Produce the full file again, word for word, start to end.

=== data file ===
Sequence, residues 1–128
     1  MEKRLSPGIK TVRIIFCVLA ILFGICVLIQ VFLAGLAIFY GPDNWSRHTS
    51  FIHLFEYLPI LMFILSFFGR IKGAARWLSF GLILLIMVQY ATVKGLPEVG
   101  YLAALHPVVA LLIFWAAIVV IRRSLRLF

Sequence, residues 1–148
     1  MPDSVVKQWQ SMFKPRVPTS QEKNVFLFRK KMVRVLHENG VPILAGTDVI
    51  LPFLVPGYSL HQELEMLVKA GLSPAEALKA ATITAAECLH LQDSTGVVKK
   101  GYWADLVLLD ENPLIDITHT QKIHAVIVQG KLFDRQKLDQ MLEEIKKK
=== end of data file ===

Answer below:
Sequence, residues 1–128
     1  MEKRLSPGIK TVRIIFCVLA ILFGICVLIQ VFLAGLAIFY GPDNWSRHTS
    51  FIHLFEYLPI LMFILSFFGR IKGAARWLSF GLILLIMVQY ATVKGLPEVG
   101  YLAALHPVVA LLIFWAAIVV IRRSLRLF

Sequence, residues 1–148
     1  MPDSVVKQWQ SMFKPRVPTS QEKNVFLFRK KMVRVLHENG VPILAGTDVI
    51  LPFLVPGYSL HQELEMLVKA GLSPAEALKA ATITAAECLH LQDSTGVVKK
   101  GYWADLVLLD ENPLIDITHT QKIHAVIVQG KLFDRQKLDQ MLEEIKKK